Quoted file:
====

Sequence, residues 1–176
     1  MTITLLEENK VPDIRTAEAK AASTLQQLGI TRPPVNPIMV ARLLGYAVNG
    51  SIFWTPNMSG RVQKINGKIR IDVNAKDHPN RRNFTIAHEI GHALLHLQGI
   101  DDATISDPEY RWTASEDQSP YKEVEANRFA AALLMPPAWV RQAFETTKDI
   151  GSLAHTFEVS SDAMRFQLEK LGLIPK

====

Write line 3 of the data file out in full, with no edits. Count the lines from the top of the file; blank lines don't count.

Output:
    51  SIFWTPNMSG RVQKINGKIR IDVNAKDHPN RRNFTIAHEI GHALLHLQGI